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Czech Republic Country Information

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Czech Republic
Czech Republic Flag
Population: 10,476,000
Area: 78,866
Continent: EU
Capitol: Prague
Currency: Koruna (CZK)
Primary Languages Spoken: cs,sk
Domain Name TLD: .cz
Phone Prefix: 420
Country Code (FIPS): EZ
Neighboring Countries: PL,DE,SK,AT(Poland )

Czech Republic Map
Czech Republic Map



Summary:
At the close of World War I, the Czechs and Slovaks of the former Austro-Hungarian Empire merged to form Czechoslovakia. During the interwar years, having rejected a federal system, the new country's leaders were frequently preoccupied with meeting the demands of other ethnic minorities within the republic, most notably the Sudeten Germans and the Ruthenians (Ukrainians). On the eve of World War II, the Czech part of the country was forcibly annexed to the Third Reich, and the Slovaks declared independence as a fascist ally of Nazi Germany. After the war, a reunited but truncated Czechoslovakia (less Ruthenia) fell within the Soviet sphere of influence. In 1968, an invasion by Warsaw Pact troops ended the efforts of the country's leaders to liberalize Communist Party rule and create socialism with a human face."" Anti-Soviet demonstrations the following year ushered in a period of harsh repression known as ""normalization."" With the collapse of Soviet-backed authority in 1989, Czechoslovakia regained its freedom through a peaceful ""Velvet Revolution."" On 1 January 1993, the country underwent a ""velvet divorce"" into its two national components, the Czech Republic and Slovakia. The Czech Republic joined NATO in 1999 and the European Union in 2004."

Location:
Central Europe, between Germany, Poland, Slovakia, and Austria

Geographical Coordinates:
49 45 N, 15 30 E

Climate:
temperate; cool summers; cold, cloudy, humid winters

Terrain:
Bohemia in the west consists of rolling plains, hills, and plateaus surrounded by low mountains; Moravia in the east consists of very hilly country

Natural Resources:
hard coal, soft coal, kaolin, clay, graphite, timber

Area Comparisons:
slightly smaller than South Carolina

Coastline:
0 km (landlocked)

Growth Rate:
0.15%

Map Reference:
Europe

Czech Republic

Czech Republic Facts

The Czech Republic, is a landlocked country in Central Europe and a member state of the European Union. The country borders Poland to the northeast, Germany to the west, Austria to the south, and Slovakia to the east. The capital and largest city is Prague. The country is composed of the historic regions of Bohemia and Moravia, as well as parts of Silesia.

Following the Battle of Mohcs, the Czech lands fell under Habsburg rule from 1526, later becoming part of the Austrian Empire and Austria-Hungary. The independent Republic of Czechoslovakia was formed in 1918, following the collapse of the Austro-Hungarian empire after World War I. After the Munich Agreement, German occupation of Czechoslovakia and the consequent disillusion with the Western response and gratitude for the liberation of the major portion of Czechoslovakia by the Red Army, the Communist party won plurality in 1946 elections. In an 1948 coup d'tat, Czechoslovakia became a communist-ruled state. In 1968, the increasing dissatisfaction culminated in attempts to reform the communist regime. The events, known as the Prague Spring of 1968, ended with an invasion by armies of Warsaw Pact countries, and the troops remained in the country until the overturn in 1989 Velvet Revolution, when the communist regime collapsed. On January 1, 1993 Czechoslovakia peacefully dissolved into its constituent states, the Czech Republic and Slovakia.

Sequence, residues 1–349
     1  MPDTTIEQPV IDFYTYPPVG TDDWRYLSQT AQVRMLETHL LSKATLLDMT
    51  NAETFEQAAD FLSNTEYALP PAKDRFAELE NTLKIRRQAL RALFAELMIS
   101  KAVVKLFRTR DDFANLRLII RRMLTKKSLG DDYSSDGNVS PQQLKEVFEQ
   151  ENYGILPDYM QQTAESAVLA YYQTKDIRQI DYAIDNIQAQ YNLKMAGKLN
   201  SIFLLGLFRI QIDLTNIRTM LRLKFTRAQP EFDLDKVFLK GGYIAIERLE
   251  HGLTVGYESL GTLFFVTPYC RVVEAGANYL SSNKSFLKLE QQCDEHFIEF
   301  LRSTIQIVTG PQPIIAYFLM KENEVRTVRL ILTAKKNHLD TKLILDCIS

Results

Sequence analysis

The Czech Republic is a pluralist multi-party parliamentary representative democracy. President Vclav Klaus is the current head of state. The Prime Minister is the head of government. The Parliament has two chambers the Chamber of Deputies and the Senate. The Czech Republic joined NATO in 1999 and the European Union in 2004. It is also a member of the OECD, the Council of Europe and the Visegrd Group.

The Czech Republic made economic reforms such as fast privatization and flat tax. Annual gross domestic product growth has recently been around 6%. The country is the first former member of the Comecon to achieve the status of a developed country according to the World Bank. The Czech Republic also ranks best compared to the former Comecon countries in the Human Development Index.




Czech Republic Profile

Geography
Area: 78,864 sq. kilometers; slightly smaller than South Carolina.
Cities: Capital--Prague (pop. 1.21 million). Other cities--Brno (367,000), Ostrava (310,000), Plzen (163,000).
Terrain: Low mountains to the north and south, hills in the west.
Climate: Temperate.

People
Nationality: Noun and adjective--Czech(s).
Population (2009 est.): 10.5 million.
Annual population growth rate: 0.1%.
Ethnic groups: Czech (94% or 9.6 million); Slovak (193,000); Roma (200,000); Silesian (11,000); Polish (52,000); German (39,000); Ukrainian (22,000); and Vietnamese (40,000).
Religions: Roman Catholic, Protestant.
Language: Czech.
Education: Literacy--99.8%.
Health: Life expectancy--males 73.34 yrs., females 79.7 yrs.
Work force (5.23 million, International Monetary Fund est.): Industry, construction, and commerce--40%; government and other services--56%; agriculture--4%.

Government
Type: Parliamentary republic.
Independence: The Czech Republic was established January 1, 1993 (former Czechoslovak state established 1918).
Constitution: Signed December 16, 1992.